Just Whisper the Secret Prayer and You’re Good

Just Whisper the Secret Prayer and You’re Good

Immediately they left their nets and followed him. Matthew 4:20

I attend an evangelical church, which places a high emphasis on the act of sharing our faith. In such an environment, it’s not uncommon at the end of a service for everyone to bow their heads and close their eyes while the pastor recites the sinner’s prayer, leading anyone who wants, to quietly become a Christian. We’re saved, not by what we do, but by grace through faith (Ephesians 2:8). All we must do to be saved from the fires of hell then, is to whisper those secret words, and we’re good. It’s easy to become a Christian.

This may not be exactly what I’ve been taught, but this is the faith that I once embraced. I found it quite convenient that I could just simply think a thought in my head, ask forgiveness, and then live however I wanted. God, you have to forgive me tomorrow, so today, I can do what I want.

This is nothing like the faith that Jesus and the disciples modeled in today’s passage. In the story, as Jesus began his ministry, he came across two fishermen and asked them to follow him. They didn’t simply whisper some quiet words, proclaiming belief in Christ, while continuing to fish. They dropped what they were doing, left their old lives behind, and followed him in radical obedience. Becoming disciples of Christ meant that their lives changed forever.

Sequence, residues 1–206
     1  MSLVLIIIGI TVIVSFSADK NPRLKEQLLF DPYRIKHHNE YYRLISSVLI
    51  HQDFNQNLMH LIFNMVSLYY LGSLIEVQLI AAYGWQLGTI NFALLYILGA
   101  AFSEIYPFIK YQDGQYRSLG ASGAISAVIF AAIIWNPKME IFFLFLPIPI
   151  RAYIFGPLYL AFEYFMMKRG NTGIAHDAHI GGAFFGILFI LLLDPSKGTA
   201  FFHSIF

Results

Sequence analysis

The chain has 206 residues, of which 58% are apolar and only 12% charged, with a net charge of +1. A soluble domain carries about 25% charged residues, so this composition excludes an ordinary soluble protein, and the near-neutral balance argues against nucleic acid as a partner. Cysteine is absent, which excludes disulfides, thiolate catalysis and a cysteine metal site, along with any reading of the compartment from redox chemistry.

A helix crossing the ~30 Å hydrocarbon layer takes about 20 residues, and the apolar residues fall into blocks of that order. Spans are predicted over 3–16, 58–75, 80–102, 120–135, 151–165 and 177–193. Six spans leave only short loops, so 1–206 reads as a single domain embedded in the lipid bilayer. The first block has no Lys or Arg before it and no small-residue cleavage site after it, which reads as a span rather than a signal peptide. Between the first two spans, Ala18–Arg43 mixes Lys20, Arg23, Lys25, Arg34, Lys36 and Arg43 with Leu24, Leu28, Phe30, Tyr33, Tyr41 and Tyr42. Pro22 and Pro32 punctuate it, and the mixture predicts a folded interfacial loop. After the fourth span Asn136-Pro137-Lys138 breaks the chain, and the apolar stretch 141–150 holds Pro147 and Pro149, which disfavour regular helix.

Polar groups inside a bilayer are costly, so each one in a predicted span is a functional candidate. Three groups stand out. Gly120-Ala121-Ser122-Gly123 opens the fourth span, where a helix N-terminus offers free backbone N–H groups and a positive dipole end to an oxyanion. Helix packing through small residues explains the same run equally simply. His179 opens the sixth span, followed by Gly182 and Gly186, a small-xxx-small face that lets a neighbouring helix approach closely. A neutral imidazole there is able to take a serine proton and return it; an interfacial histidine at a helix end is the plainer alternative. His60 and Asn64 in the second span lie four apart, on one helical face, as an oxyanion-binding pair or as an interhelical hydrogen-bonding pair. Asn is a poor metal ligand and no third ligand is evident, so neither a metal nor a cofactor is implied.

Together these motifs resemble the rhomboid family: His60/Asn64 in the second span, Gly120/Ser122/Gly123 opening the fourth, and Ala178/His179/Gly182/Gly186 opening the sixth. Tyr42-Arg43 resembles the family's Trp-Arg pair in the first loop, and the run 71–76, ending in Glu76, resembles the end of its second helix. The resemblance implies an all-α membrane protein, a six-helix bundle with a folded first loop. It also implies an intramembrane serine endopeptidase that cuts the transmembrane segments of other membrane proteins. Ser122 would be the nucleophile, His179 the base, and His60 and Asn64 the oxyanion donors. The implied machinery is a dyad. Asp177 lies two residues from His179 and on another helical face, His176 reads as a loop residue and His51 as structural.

This stands in sharp contrast to my previous faith, in which I changed nothing. I pursued me to misery and then had the audacity to wonder how I got there. I got there precisely because I refused to change. I refused to abandon my path and I refused to follow Christ.

It would, of course, be an error in the opposite direction to demand that we earn salvation, becoming perfect before coming to faith. When, however, we use grace as an excuse to continue in our disobedience, we are doing faith wrong.

If we truly desire to be disciples of Christ, then our faith must impact how we live. Becoming a Christian isn’t simply whispering a quiet prayer once and then continuing on our way. Like those fishermen, following Christ means we must daily abandon the old way of life, following him in radical obedience.



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